Harlequin-ichthyosis Q80.4

Author: Prof. Dr. med. Peter Altmeyer

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Last updated on: 21.01.2022

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ARCI; congenital fetal ichthyosis; diffuse keratosis maligna; Harlekinfetus; Harlequin ichthyosis; hyperkeratosis universalis congenita; ichthyosis congenita gravis; Ichthyosis congenita Riecke I; Ichthyosis congenita universalis; OMIM 242500; OMIM 601277

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Riecke 1900

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Most severe form of autosomal recessive congenital ichthyosis (ARCI). S.u. Ichthyoses.

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Very rare form of ichthyosis with a prevalence of 1/1.0 million people

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Recessive nonsense mutation in the ABCA12 gene located on chromosome 2q34. The ABCA12 gene encodes a protein called the ATP-binding cassette (ABC) transporter. This protein is involved in lipid transport from lamellar granules to the apical membrane of keratinocytes in the statum granulosum. It is likely that the mutation, either via alteration of the major nucleotide-binding domain or the transmembrane domain of the ABCA12 protein, results in a significant loss of lipid barrier function, leading to the severe ichthyotic skin condition.

Less severe missense mutations of the ABCA12 gene result in a milder variant of autosomal recessive congenital ichthyoses (see ACRI spectrum).

Clinical features
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Children are born with extreme, already intrauterine keratinization with armor-like horn plates and deep skin tears (lamellar ichthyosis). The armour-like armour severely impairs the mobility of the infants and also considerably restricts their ability to breathe and eat. The harlequin fetus is born with a flat nose, bulging lips, ectropionated eyelids. Further infestation of oral and genital mucous membrane.

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Proliferative hyperkeratosis and irregularly widened, massively orthohyperkeratotic stratum corneum interspersed with parakeratosis islands and thickened stratum granulosum.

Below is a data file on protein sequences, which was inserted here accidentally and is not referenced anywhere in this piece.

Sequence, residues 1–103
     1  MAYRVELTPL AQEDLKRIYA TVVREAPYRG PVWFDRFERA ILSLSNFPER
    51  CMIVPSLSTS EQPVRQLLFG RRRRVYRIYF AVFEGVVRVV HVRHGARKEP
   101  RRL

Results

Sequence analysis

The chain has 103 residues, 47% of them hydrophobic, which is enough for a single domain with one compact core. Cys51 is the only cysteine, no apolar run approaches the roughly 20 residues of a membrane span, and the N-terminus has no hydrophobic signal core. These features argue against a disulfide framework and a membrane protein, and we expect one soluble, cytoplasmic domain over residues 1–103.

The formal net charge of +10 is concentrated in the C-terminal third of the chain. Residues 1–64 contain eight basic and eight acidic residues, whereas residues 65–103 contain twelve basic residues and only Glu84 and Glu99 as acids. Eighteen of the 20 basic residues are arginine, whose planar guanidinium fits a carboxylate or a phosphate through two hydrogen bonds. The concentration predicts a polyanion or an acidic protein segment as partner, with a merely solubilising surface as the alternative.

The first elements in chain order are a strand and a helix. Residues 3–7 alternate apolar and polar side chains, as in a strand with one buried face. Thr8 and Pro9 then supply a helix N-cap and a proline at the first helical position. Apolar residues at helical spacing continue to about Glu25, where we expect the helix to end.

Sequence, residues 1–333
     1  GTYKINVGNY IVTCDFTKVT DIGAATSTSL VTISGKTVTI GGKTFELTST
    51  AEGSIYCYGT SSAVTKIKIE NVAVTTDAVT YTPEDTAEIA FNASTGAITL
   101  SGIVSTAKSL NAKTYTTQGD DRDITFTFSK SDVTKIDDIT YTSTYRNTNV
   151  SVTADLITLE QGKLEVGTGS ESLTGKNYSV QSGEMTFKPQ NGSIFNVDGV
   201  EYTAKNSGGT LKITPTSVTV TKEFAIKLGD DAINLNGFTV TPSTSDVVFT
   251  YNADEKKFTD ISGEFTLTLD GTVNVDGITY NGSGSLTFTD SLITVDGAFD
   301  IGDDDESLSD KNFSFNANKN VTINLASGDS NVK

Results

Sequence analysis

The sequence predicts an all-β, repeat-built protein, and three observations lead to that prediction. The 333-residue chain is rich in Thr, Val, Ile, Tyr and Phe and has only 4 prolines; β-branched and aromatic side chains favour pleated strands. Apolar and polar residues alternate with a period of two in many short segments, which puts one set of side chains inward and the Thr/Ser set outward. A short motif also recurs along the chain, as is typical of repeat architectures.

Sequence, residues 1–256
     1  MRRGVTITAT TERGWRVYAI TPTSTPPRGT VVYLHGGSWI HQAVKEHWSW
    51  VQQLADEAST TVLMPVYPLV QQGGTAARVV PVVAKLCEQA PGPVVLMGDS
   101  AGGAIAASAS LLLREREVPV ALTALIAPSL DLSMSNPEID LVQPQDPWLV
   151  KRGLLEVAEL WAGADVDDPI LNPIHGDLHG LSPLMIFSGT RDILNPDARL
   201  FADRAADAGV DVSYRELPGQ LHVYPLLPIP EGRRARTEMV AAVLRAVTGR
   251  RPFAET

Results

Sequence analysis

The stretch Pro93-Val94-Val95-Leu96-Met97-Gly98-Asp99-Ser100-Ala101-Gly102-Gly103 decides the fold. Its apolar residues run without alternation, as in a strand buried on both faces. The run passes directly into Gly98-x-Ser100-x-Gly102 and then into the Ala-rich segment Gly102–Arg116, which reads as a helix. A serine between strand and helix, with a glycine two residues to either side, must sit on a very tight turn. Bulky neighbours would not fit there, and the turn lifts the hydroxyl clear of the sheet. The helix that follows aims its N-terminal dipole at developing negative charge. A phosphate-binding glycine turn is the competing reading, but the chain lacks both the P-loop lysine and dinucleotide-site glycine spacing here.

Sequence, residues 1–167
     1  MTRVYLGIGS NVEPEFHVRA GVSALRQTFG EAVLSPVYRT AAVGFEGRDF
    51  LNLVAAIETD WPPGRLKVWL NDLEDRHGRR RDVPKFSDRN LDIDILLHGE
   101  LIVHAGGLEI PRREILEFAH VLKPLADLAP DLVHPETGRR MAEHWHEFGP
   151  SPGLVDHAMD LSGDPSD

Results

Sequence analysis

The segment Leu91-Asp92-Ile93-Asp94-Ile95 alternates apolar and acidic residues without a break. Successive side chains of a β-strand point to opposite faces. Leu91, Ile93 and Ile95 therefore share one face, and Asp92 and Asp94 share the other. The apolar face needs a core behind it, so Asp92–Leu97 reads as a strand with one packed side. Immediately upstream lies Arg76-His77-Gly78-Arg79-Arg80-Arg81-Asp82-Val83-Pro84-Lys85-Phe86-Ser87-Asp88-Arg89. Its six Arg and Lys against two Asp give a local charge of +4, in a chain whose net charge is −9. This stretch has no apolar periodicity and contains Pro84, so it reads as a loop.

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Possibly prenatal diagnostics.

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Intensive medical care and monitoring, storage in a humid incubator (increased water and heat loss, often premature births), compensation of water and electrolyte balance (hypernatremic dehydration), avoidance of secondary infections, intensive medical monitoring Ectropion often exists, so that the eyes must be treated separately and protected from dehydration and external injury.

External therapy
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It is important to lubricate the skin several times a day (e.g. kerosene subliq., Linola fat). If the skin is torn, grease gauze with antiseptic additives such as chlorhexidine (e.g. Bactigras gauze dressing). Oil-containing baths and antiseptic additives such as chlorhexidine. Externals containing salicylic acid for extreme hyperkeratotic areas are controversial because of resorptive toxicity; better short term for such areas are up to 10% urea ointments.

Local treatment with tazarotene can be applied to circumscribed areas of skin (< 2% of body surface). S.a.u. Ichthyosis vulgaris, autosomal dominant.

Internal therapy
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Etretinate therapy (1-3 mg/day in slowly decreasing dosage) is the only medication described as effective. Onset in the first days of life.

Causes of death of initially surviving babies are especially sudden septicemia with rapid deterioration. Therefore, prophylactic broad-spectrum antibiotics, regular smears of the skin, blood checks for bacteremia, and the fastest possible use of antibiotics according to antibiogram, are necessary if infection is suspected.

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50% of children die before or shortly after birth due to respiratory insufficiency, heat/water balance disorders and septicaemia. The clinical picture later changes to inflammatory exfoliative ichthyosis and erythroderma.

In long-term survivors the skin armour recedes somewhat. Generalised, coarse lamellar scaling with pronounced inflammatory symptoms (erythrodermia) is observed.

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  1. Akiyama M et al (2003) The clinical spectrum of nonbullous congenital ichthyosiform erythroderma and lamellar ichthyosis. Clin Exp Dermatol 28: 235-240
  2. Akiyama M et al (2005) Mutations in lipid transporter ABCA12 in harlequin ichthyosis and functional recovery by corrective gene transfer. J Clin Invest 115:1777-1784.
  3. Chan YC (2003) Harlequin ichthyosis in association with hypothyroidism and juvenile rheumatoid arthritis. Pediatr Dermatol 20: 421-426.
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  6. Roberts LJ (1989) Long-term survival of a harlequin fetus. J Am Acad Dermatol 21: 335-339.
  7. Traupe H et al (2014) The nonsyndromal ichthyoses-current status. JDDG 12: 109-120
  8. Virolainen E et al (2001) Ultrastructural features resembling those of harlequin ichthyosis in patients with severe congenital ichthyosiform erythroderma. Br J Dermatol 145: 480-483
  9. Ward PS et al (1989) Successful treatment of a harlequin fetus. Arch Dis Child 64: 1309-11
  10. Smith RW (1880) A case of intrauterine ichthyosis. Am J Obstet Gynec 13: 458-461.


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Last updated on: 21.01.2022